Investigating people's news diets

How online users use offline news

Damian Trilling, Klaus Schoenbach

Research output: Contribution to journalArticle

5 Citations (Scopus)

Abstract

The question how offline media use is related to online media use has been heavily debated in the last decades. If they are functionally equivalent, then advantages like low costs, rapid publication cycles, and easy access to online news could lead to them displacing offline news. Data from a large-scale survey with detailed questions about media use in the Netherlands show that, interestingly, the functions that online and offline media are used for are often the same: Those who use online media to gain a broad overview of the news, for fast updates, or for background information use offline media for the same purpose. There are some differences, though: For many citizens, the need of a broad overview of the news seems to be fulfilled by repertoires consisting of several outlets of different types, while they seem to have favorite specific outlets for news updates or background information, respectively. This suggests that outlets can especially focus on the latter two functions to distinguish themselves.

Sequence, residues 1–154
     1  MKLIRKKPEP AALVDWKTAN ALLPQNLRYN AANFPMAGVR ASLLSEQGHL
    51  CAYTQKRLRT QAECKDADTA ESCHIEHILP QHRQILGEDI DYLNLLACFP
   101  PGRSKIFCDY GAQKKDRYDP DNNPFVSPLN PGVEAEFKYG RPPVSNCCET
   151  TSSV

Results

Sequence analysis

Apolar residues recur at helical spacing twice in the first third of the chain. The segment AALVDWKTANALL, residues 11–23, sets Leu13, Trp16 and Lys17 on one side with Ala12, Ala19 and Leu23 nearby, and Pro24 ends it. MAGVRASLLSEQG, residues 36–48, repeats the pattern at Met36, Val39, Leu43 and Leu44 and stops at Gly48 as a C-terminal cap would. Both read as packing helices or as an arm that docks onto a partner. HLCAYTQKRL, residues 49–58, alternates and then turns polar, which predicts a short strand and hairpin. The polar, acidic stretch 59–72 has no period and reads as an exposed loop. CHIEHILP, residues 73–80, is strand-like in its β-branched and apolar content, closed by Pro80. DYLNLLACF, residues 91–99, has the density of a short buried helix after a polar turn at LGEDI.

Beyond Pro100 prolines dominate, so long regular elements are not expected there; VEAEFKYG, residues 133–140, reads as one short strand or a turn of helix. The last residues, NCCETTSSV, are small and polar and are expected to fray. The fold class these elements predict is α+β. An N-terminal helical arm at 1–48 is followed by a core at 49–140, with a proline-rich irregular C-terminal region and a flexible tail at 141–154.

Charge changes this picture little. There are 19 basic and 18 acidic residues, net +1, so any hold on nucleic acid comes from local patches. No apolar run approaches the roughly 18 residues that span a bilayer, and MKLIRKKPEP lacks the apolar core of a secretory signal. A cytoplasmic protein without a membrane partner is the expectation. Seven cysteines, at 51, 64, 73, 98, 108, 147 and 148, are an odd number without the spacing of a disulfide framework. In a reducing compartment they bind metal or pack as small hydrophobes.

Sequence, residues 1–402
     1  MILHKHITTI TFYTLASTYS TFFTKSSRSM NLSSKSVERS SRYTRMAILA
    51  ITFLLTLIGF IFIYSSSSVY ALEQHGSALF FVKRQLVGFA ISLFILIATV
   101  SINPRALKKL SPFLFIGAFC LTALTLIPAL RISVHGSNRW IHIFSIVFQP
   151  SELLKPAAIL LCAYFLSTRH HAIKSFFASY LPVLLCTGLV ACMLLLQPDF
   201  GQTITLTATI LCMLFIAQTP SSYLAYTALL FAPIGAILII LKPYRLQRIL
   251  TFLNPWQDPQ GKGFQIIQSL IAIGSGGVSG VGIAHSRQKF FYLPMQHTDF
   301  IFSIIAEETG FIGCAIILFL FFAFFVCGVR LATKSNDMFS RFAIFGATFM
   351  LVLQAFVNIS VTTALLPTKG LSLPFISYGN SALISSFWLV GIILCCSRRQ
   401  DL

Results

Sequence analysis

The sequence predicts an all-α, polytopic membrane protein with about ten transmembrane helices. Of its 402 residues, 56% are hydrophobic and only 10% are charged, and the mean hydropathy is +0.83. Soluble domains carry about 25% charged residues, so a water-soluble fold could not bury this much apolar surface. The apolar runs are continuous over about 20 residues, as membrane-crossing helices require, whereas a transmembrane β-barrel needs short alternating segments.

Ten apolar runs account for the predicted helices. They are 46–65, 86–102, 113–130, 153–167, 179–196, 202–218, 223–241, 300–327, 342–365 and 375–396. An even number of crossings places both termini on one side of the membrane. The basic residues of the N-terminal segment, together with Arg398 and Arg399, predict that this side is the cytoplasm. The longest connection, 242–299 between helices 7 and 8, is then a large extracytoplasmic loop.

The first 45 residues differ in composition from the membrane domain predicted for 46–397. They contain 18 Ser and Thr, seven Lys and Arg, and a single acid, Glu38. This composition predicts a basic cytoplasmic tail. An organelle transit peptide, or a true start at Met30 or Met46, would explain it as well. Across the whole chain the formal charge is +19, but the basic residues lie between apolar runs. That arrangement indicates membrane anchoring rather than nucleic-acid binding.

Original languageEnglish
Pages (from-to)67-91
Number of pages25
JournalCommunications
Volume40
Issue number1
DOIs
Publication statusPublished - 1 Mar 2015

Fingerprint

Nutrition
news
Information use
online media
Costs
Netherlands
Diet
News
citizen
Media Use
costs

Keywords

  • complementarity
  • functions of news
  • news diets
  • news use
  • online news
  • substitution

ASJC Scopus subject areas

  • Communication
  • Arts and Humanities (miscellaneous)

Cite this

Investigating people's news diets : How online users use offline news. / Trilling, Damian; Schoenbach, Klaus.

In: Communications, Vol. 40, No. 1, 01.03.2015, p. 67-91.

Research output: Contribution to journalArticle

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